The genetic factor that may determine promiscuity
Let’s admit it: We’ve all at one point in time found ourselves jamming out to “Promiscuous Girl” by Nelly Furtado. How can you not love it, with lyrics like, “Promiscuous girl, wherever you are, I’m all alone and it’s you that I want. Promiscuous boy, you already know that I’m all yours. What are you waiting for?” But have you ever wondered when it became acceptable for women to act this way?
Some believe it’s the media’s fault (isn’t it always?), but researchers at Binghamton University have discovered that it could have to do with the genes. All people have a gene that makes them more prone to being a thrill-seeker and more vulnerable to promiscuity, but only about half of people act on it. We are all born with a DRD4 gene, which is a certain variant of the dopamine receptor D4 polymorphism. This gene is also responsible for alcohol use, gambling addictions, drug use, overeating, political liberalism, ADHD and impulsiveness.
Brandy Bessette-Symons, a psychology professor at Ithaca College, said, “Having the gene variant may increase the likelihood of cheating (a correlational relationship), but it certainly should not be considered the ‘cause’ of such actions.”
The gene is believed to have evolved between 30,000 and 50,000 years ago as humans were moving out of Africa.
Jessica,* a junior at Ithaca College said, “I’ve cheated on every boyfriend I’ve had. It’s not that they aren’t good enough for me, I just can’t help myself sometimes. I’ve never heard of this gene, and maybe it’s the reason I am more likely to cheat.”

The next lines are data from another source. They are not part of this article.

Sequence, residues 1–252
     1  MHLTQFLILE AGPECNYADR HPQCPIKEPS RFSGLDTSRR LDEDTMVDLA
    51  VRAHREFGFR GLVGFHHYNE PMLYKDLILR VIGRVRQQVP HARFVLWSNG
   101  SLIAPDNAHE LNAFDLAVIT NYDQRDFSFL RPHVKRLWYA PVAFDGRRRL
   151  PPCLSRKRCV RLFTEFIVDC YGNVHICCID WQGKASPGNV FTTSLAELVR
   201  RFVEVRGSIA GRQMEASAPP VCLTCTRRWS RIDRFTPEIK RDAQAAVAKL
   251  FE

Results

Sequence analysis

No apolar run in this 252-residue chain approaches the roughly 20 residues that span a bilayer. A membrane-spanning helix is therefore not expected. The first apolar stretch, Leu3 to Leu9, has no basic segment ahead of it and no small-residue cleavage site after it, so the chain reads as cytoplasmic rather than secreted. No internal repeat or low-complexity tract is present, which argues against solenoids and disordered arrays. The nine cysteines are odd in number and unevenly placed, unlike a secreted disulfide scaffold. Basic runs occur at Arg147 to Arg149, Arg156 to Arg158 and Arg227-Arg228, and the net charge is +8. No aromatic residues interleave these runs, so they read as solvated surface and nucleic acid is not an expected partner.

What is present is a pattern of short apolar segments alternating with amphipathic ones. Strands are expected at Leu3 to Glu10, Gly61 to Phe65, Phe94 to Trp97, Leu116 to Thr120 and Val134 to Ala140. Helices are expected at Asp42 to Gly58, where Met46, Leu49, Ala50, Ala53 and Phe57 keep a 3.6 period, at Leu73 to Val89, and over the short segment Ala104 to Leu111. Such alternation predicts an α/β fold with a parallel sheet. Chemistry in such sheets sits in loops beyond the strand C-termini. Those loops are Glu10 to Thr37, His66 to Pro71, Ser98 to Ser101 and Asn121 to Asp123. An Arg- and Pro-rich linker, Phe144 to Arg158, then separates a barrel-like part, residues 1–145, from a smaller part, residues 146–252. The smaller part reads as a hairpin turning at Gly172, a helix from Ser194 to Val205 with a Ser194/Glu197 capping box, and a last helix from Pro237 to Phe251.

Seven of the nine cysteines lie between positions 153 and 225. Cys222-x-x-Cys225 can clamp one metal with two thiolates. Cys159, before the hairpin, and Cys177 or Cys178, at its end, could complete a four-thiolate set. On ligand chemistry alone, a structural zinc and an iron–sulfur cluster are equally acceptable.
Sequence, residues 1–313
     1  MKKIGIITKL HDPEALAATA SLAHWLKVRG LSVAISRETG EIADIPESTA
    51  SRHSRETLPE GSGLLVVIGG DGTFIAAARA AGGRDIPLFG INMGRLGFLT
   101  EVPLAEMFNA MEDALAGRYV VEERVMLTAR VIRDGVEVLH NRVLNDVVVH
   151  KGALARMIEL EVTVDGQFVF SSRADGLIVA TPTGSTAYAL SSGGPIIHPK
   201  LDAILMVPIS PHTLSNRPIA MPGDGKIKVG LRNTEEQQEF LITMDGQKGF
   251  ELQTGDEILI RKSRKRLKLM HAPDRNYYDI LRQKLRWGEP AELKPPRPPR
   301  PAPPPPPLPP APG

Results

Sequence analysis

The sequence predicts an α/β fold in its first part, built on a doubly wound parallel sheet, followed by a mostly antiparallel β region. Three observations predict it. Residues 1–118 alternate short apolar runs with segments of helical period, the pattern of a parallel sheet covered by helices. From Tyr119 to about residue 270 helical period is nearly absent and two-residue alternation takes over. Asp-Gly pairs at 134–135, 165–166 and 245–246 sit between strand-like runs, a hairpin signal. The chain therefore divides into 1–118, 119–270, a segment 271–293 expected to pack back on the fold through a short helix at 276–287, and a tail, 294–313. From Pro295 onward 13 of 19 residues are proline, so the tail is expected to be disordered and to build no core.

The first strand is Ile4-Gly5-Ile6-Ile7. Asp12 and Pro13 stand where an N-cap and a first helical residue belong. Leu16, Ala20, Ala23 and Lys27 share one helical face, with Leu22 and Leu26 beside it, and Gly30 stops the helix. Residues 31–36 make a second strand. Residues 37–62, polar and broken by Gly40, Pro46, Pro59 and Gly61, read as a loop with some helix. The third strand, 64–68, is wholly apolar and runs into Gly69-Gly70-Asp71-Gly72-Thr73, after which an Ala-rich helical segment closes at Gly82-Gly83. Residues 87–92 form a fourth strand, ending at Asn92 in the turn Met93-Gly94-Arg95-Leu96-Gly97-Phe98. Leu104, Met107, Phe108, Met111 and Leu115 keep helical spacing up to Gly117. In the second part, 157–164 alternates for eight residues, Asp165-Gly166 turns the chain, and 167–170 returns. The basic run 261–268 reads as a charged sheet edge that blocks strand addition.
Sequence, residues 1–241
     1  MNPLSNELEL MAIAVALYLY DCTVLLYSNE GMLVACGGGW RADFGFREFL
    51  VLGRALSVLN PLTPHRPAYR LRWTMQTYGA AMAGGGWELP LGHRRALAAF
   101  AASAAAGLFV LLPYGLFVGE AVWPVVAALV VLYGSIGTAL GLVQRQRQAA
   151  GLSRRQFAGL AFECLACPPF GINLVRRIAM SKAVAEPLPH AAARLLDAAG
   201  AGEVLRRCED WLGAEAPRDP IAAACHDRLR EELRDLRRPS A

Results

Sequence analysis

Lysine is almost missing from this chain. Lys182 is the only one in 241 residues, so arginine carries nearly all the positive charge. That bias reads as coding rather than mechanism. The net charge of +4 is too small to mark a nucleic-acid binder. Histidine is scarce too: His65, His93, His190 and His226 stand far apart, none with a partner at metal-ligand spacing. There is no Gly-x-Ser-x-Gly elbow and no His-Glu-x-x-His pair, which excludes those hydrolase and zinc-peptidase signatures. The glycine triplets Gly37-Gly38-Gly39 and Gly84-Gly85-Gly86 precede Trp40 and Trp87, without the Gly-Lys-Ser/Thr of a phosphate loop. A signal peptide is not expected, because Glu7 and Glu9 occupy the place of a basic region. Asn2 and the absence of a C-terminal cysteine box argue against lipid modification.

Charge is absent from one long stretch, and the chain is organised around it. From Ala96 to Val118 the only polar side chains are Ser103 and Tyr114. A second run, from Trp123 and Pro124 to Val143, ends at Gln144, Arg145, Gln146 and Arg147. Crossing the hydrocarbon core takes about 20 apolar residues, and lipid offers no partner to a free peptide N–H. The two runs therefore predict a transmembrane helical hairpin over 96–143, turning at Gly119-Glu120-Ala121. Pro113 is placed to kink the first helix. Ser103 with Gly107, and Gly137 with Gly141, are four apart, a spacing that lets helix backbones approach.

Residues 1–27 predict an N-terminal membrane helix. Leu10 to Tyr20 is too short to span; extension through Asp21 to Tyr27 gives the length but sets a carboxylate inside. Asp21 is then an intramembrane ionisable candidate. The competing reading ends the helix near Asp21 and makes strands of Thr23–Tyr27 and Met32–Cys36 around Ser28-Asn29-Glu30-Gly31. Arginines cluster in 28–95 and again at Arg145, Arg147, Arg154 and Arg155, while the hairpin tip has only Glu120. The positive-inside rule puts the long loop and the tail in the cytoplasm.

The DRD4 gene can influence the brain’s chemistry and people’s behavior. The desire to cheat or have multiple partners originates in the brain’s pleasure and reward center, where the “rush” of dopamine motivates those who are vulnerable, according to researchers at Binghamton University.
Ryan,* a senior at Ithaca College said, “I think I act the way I act toward women because of the college setting. If I met the right girl, I definitely wouldn’t cheat on her. I only ‘cheat’ because I don’t take a lot of the girls here too seriously.”
Justin Garcia, a doctoral fellow in the laboratory of evolutionary anthropology and health at SUNY Binghamton, did a study on the students at SUNY Binghamton by having 181 student volunteers take an anonymous survey on their sexual history and behavior. The questions asked how many partners they had and if they have ever cheated. He also tested their DNA by having them rinse with a special mouthwash that genotyped the DRD4 gene.
Garcia said, “University students were a great population for this study, as we know that ‘hook-up’ culture is a predominant sexual script for emerging adults on college campuses, so a majority of students experience both committed romantic and uncommitted sexual encounters.”
The gene is believed to have variations, and people who have longer alleles of it are more prone to participate in one-night stands and promiscuity. It is also inheritable.
However, not everyone believes that promiscuity is rooted in our DNA. Some believe it has to do with personal choice and how they control their impulses. And not everyone who has the gene will be a cheater in relationships. The study also indicates that thrill and sex drive can function separately from love. It has more to do with how you feel about the person rather than just impulse“
“I think the DRD4 gene variant contributes to the behavior, but it does not determine it,” Besette-Symons said. “As I mentioned earlier, there are many other factors that have been correlated with one’s decision to cheat and infidelity statistics. Some of them may have a unique or independent influence on the decision, such as religious beliefs, quality and length of relationship, or parental involvement.”
*Names have been changed to protect anonymity.
Lindsey Ahern is a sophomore journalism major who likes to shake what her mama gave her. Email her at firstname.lastname@example.org.